Wrappin' Up the Draft
The 2008 draft deadline has come and gone, and when the dust settled almost all the big-name amateur draft picks had signed on the dotted line - save for three. A trio of pitchers chose not to begin chasing their Major League Baseball dream right away, including Aaron Crow (Washington), Joshua Fields (Seattle) and Gerrit Cole (New York AL).
Both Crow and Fields are considering playing for independent baseball leagues, while Cole - a prep right-hander - is headed off to pitch for UCLA. Crow will have to wait to sign with a new club until next year. Fields, though, as a senior without the option of returning to school, did not have to sign at the deadline like everyone else. He has until the week before the 2009 draft to sign with Seattle, but what is he waiting for? He turned 23 years old yesterday and needs significant work on his control before becoming an effective Major League reliever (He has averaged more than five walks per nine innings in his last two college seasons). The market seems pretty simple to me, as Fields was taken sandwiched between two other college relievers who signed for $1.54 million (Andrew Cashner) and $1.48 million (Ryan Perry).
Cole will have to wait a full three years, which is a big risk considering the fragility of pitchers and the amount of money he turned down from the Yankees (more than $2 million). I can understand wanting to get a good education, but $2 million is a pretty good cushion if the Major League career does not turn out - and you are never too old to go back to school.
It came down to the wire but the top eight picks in the draft all came to terms. Top pick Tim Beckham and sixth round Kyle Skipworth both signed more than a month ago and have been able to benefit from valuable development time in the minors. Negotiations between Pedro Alvarez, the second overall pick, and Pittsburgh came down to the wire but he signed for $6 million. The Pirates needs to make the move after last year's debacle (Daniel Moskos). Kansas City threw out another $6 million to high school slugger Eric Hosmer, who is considered a very advanced offensive player. The club also gave seven figures to fourth round selection Tim Melville, a talented right-handed pitcher whom many thought was headed to college (which is why he fell out of first-round consideration). Interestingly enough, the small-market Royals spent more on the draft ($10-plus million) than any other club, according to Baseball America.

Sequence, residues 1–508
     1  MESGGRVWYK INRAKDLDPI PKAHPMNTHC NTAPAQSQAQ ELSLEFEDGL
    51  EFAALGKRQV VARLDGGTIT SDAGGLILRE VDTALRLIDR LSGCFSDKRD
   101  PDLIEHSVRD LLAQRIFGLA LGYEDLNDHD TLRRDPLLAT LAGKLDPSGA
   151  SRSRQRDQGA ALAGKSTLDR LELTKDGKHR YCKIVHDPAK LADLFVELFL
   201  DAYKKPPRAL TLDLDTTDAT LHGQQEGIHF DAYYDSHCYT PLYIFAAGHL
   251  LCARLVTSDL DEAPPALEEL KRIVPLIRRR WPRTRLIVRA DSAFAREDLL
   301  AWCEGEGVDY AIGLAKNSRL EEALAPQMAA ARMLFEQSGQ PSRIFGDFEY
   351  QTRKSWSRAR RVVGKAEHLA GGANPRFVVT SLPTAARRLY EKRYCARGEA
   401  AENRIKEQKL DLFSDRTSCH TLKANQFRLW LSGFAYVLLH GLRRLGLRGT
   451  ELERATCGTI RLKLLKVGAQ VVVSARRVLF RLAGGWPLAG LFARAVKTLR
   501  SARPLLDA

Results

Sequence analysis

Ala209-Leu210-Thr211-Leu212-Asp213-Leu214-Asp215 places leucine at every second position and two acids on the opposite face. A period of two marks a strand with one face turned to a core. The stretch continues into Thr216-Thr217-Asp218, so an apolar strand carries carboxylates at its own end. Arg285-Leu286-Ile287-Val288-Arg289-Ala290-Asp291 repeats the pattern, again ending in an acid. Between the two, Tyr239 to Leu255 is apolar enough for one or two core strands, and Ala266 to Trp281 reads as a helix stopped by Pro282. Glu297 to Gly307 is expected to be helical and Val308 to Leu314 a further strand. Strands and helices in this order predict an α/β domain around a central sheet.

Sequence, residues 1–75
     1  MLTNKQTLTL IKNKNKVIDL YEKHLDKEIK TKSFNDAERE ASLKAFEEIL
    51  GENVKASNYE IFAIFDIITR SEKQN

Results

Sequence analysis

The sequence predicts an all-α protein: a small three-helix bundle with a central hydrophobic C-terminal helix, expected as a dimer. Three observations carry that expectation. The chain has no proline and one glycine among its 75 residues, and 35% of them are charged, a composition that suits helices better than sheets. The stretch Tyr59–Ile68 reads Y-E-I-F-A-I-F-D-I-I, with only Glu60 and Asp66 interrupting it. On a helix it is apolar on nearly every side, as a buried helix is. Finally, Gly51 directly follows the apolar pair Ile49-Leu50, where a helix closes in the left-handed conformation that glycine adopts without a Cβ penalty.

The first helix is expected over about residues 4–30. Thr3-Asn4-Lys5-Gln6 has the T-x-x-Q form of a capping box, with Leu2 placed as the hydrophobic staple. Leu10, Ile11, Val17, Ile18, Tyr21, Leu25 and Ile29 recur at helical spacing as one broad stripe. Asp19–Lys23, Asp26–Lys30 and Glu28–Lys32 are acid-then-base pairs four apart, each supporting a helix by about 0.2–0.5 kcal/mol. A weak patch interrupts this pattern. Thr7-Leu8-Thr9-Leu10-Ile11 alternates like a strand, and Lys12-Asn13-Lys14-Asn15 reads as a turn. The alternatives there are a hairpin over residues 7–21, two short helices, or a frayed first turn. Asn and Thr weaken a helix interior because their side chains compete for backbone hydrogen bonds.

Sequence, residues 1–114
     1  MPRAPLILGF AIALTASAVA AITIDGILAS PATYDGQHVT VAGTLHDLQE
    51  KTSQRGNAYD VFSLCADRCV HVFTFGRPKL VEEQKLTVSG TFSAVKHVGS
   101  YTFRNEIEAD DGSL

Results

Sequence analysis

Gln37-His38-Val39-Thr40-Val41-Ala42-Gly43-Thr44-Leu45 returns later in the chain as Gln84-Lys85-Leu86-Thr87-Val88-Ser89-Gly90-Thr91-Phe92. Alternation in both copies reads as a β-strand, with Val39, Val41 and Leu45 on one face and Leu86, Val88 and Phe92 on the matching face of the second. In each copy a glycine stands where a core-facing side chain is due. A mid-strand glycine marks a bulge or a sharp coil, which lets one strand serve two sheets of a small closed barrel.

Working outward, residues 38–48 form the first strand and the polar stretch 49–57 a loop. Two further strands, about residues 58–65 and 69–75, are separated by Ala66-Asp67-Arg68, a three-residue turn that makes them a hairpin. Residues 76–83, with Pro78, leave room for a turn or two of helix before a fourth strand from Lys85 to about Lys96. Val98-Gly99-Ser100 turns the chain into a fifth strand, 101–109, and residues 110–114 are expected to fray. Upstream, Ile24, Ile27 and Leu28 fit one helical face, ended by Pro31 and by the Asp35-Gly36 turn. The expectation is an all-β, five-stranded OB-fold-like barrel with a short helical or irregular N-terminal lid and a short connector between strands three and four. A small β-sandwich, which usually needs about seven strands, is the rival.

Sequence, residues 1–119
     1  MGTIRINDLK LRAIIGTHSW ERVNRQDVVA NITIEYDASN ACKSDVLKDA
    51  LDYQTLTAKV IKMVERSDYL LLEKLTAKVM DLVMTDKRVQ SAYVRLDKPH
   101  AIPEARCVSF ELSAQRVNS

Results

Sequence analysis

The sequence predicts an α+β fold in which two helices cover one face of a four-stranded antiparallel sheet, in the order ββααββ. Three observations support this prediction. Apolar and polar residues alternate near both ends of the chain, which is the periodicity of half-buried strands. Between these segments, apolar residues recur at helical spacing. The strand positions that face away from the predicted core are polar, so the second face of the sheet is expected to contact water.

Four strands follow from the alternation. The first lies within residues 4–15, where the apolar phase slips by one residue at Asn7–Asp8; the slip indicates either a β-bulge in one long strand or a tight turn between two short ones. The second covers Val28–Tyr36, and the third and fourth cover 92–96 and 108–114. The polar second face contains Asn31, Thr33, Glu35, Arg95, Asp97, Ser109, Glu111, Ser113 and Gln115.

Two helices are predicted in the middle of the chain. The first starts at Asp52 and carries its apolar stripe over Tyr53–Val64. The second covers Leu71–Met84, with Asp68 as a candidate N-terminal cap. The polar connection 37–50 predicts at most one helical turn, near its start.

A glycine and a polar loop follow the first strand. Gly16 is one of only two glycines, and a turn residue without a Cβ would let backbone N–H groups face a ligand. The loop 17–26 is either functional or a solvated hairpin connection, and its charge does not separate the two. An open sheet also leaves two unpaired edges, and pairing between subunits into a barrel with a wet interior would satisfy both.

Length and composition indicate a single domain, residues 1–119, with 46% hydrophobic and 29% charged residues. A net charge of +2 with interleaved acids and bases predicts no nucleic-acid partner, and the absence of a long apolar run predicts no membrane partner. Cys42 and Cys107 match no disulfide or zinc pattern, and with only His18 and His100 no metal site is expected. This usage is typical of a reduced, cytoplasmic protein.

Baltimore signed top college pitcher Brian Matusz to a Major League contract with a signing bonus of $3.2 million, and with more than $6 million guaranteed over the life of his career. Catcher Buster Posey settled with San Francisco for a whopping $6.2 million, which might have been the biggest overpayment in the top eight. He's talented, but his bat may not be superstar quality, which is what I'd hope for from an amateur being handed that much money up front.
Yonder Alonso, on the other hand, could be the biggest steal of the draft for "only" $2 million. That said, he did receive a Major League contract and a guarantee of $4.55 million. Although he doesn't really fit in with Cincinnati's current 25-man roster (thanks to the presence of top rookie Joey Votto), teams always find a way to make room for players with star power. Alonso has been a consistent performer for three college seasons, and he has excellent plate discipline to go along with his 30 home run power potential. Gordon Beckham agreed to terms with the White Sox for $2.2 million and could move quickly through the club's minor league system.
The Rangers wrapped up Justin Smoak, the 11th overall selection in the draft, for $3.5 million. Smoak has 25-30 home run potential, as well as Gold Glove promise in the field. Despite concerns about his hip, San Diego gave Allan Dykstra $1.15 million to forgo his senior college season. Boston gave 30th pick and high school two-way player Casey Kelly $3 million to turn a blind eye to a college career. The organization also threw out seven-figure contracts to two other draft picks (Ryan Westmoreland and Pete Hissey).
Let's take a quick look now at the race for American League and National League Rookies of the Year, although I will go into more detail next week. On the offensive side of things, Geovany Soto (Chicago NL) and David Murphy (Texas) are tied for the lead in hits with 114. Evan Longoria is leading the pack with 22 homers (and slugging at .533), while Soto is just four behind. Murphy has driven in 74 runs for Texas, while Longoria is just three runs short. Boston outfielder Jacoby Ellsbury's 38 steals are 27 more than his closest competition. Soto's .286 batting average is good for first overall, while Cincinnati's Joey Votto is second at .281. Atlanta's Gregor Blanco leads all rookies with a .371 on-base average.
As for the pitchers, Nick Blackburn (Minnesota) and Jair Jurrjens (Atlanta) are leading the way with 152.2 and 151.1 innings, respectively. Blackburn has given up 170 hits (the most of any rookie pitcher) but he also has the lowest BB/9 ratio, having allowed just 26 free passes. Johnny Cueto (Cincinnati) leads the rookie hurlers with 136 strikeouts, which is 24 more than second-place Jurrjens. Armando Galarraga (Detroit) and Jurrjens are tied for the most rookie wins with 11. Galarraga also leads rookies with a 3.11 ERA. The most saves by a rookie goes to Cleveland's Masa Kobayashi.